From the Worldwide Faith News archives www.wfn.org
UMNS# 05136-Church must be sanctuary to domestic abuse victims,
Fri, 4 Mar 2005 15:29:25 -0600
Church must be sanctuary to domestic abuse victims, survivor says
Mar. 4, 2005 News media contact: Fran Walsh * (615) 742-5458*
NOTE: Photographs, a UMTV report, and a denominational statement are
available with this story at http://www.umc.org/interior.asp?mid=6886.
A UMNS Feature
By Allysa Adams*
The first time Debbie Harsh was beaten by her husband, the injuries sent
her to the hospital. Scared, demoralized and confused, she got out of
the house, healed physically and immediately turned to the only place
she felt safe: her church.
"I always thought that the church would be the first place you go for
help," she remembers.
But the pastors at her nondenominational Christian church didn't know
how to help Harsh. With good intentions, they sent her to a Christian
counselor, who urged her to forgive her husband and drop an order of
protection against him. The counselor's message was that "wives submit
to your husband and husbands are the head of the house ... and he
pointed out to me that I didn't have my husband's permission for that
order of protection," Harsh said.
When she returned to her husband, the violence continued. Fearing for
her life and the safety of their two daughters, Harsh finally left her
16-year marriage for good in 2000 - against the advice of her pastors
and church leaders.
"They wanted to be sure that I wouldn't pursue a divorce, and being beat
up by a husband wasn't grounds for divorce," she said. "Only sexual
fidelity was grounds for divorce."
It is a story Harsh says is all too familiar-one in which churches focus
more on forgiving the perpetrator than on helping the victim. As founder
of Domestic Violence Education: An Interfaith Project, she works to
educate the faith community in Tucson, Ariz., about domestic violence.
Since 2003, she has spoken to churches, synagogues, Sunday school
classes, church social action committees and other religious groups.
"I can't think of any better place than a faith community-a church-to
help victims of family violence," she said.
The Rev. Paul Caseman, senior pastor at St. Marks United Methodist
Church in Tucson, participated in one of the program's seminars to
prepare himself to deal with incidents of domestic violence in his
congregation and community.
"Sometimes domestic violence is one of those issues we put on the back
burner and say, 'Surely domestic violence is not happening in our
church,'" Caseman said. "That's naiveté on our part to believe that."
According to the Faith Trust Institute, one-third of all women in
relationships report being abused in some way by their husband or
"I think we're all aware that domestic violence is out there. I think
when we hear the personal stories and the roles that the churches so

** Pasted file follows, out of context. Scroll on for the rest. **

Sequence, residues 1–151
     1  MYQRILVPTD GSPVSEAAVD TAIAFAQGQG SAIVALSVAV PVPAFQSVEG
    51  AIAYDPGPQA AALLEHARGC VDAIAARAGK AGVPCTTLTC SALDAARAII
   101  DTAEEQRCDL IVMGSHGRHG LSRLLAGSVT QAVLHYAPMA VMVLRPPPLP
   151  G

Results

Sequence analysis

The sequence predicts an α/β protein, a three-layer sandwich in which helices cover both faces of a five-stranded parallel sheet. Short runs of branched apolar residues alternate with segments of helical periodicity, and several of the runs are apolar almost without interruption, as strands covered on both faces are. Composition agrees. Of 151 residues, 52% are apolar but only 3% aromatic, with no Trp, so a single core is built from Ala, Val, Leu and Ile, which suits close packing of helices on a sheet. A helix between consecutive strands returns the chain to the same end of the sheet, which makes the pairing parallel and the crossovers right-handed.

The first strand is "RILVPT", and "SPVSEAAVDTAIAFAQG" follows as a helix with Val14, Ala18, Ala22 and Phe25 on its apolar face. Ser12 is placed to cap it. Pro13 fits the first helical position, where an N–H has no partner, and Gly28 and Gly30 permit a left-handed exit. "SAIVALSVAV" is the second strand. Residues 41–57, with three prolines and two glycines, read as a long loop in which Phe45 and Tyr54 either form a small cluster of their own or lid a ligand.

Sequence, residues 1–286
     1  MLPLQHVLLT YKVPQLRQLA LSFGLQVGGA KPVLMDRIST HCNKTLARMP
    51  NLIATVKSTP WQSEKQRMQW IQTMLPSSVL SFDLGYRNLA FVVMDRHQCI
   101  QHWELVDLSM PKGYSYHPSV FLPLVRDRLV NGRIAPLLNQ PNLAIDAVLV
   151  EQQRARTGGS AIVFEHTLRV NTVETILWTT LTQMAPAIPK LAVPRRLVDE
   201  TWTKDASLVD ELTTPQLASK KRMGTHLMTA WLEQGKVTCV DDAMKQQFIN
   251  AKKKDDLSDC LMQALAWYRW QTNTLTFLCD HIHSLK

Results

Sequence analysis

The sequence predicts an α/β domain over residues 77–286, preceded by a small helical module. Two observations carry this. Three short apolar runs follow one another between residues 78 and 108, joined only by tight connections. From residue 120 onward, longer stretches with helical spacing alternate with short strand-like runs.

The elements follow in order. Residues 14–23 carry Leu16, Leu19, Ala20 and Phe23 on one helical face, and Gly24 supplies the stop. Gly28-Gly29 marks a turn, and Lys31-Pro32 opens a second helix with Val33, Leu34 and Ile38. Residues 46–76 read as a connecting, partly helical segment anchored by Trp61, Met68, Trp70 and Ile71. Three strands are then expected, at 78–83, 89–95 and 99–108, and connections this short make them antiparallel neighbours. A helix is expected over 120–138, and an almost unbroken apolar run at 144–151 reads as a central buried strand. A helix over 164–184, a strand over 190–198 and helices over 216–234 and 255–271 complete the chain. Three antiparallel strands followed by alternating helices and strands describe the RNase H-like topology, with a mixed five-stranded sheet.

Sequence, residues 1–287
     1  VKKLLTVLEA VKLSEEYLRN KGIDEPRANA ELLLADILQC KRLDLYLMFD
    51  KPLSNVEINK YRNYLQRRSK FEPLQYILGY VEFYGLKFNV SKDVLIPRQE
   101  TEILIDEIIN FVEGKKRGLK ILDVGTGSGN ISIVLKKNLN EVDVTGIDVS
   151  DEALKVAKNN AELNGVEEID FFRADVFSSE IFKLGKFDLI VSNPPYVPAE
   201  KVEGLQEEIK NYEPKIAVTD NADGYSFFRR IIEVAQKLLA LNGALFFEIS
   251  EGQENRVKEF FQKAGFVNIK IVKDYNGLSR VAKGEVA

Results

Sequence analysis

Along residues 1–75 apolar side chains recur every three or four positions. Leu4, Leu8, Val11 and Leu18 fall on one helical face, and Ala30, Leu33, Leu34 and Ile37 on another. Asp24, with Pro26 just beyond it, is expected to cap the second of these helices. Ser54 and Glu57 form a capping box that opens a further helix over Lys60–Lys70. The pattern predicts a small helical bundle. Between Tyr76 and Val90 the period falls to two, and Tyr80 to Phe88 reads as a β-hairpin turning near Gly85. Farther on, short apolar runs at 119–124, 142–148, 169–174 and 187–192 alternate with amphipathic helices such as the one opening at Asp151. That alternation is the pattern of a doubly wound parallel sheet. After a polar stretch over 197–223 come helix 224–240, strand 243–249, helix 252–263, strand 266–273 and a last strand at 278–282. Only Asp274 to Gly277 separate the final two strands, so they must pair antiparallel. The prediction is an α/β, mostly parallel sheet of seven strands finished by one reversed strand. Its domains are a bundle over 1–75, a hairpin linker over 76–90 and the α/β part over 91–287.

often do not play, we realize our unawareness leads to more domestic
violence," he said.
What can the church do?
The United Methodist Church encourages local congregations to "create a
church climate of openness, acceptance and safety that encourages
victims to speak of their pain and seek relief and healing."
The church's lawmaking body, the General Conference, also recommends
other steps in its statement, "Violence Against Women and Children,"
found in the 2004 Book of Resolutions.
It encourages "all clergy and lay leaders to work collaboratively with
community agencies on prevention strategies and to provide for the
physical, emotional and spiritual needs of victims, offenders and other
The Book of Resolutions suggests that churches assess community
resources for violence prevention and response and, where appropriate,
start new programs and services. "Wherever possible, undertake new
programs ecumenically or as part of a community coalition."
Other steps include setting up peer support groups for battered spouses,
holding awareness events and urging church members to do volunteer work
in shelters and crisis centers.
Annual conferences, agencies and seminaries can promote education on
domestic violence for clergy and lay people, as well as provide training
in abuse prevention and intervention, according to the Book of
Resolutions. Other possible actions include supporting policies and
services "that protect victims, hold offenders accountable and provide
support for family members."
Harsh says the church must educate its members about the realities of
domestic violence and challenge them to work to prevent domestic
While issues such as domestic violence are not pleasant, Caseman says
they are real and the church must address them.
"If we ignore the tough social problems or pass them by with only a nod,
then we're not helping our congregation, and we're not being part of the
gospel at that time," he said. "Jesus knew that people were hurting, and
he addressed those."
Years after being abused, Harsh still deals with the emotional scars,
including anger with the church. For about a year, she did not attend a
congregation. "I was very angry and probably very angry at God for a
while," she said.
Today, she realizes that it was her faith leaders who let her down, she
said. "God himself was near to me during the whole time and strengthened
me and supported me, so God did not fail me at any point."
# # #
*Adams is a freelance writer and producer in Tucson, Ariz.
News media contact: Fran Coode Walsh, Nashville, Tenn., (615) 742-5458
United Methodist News Service
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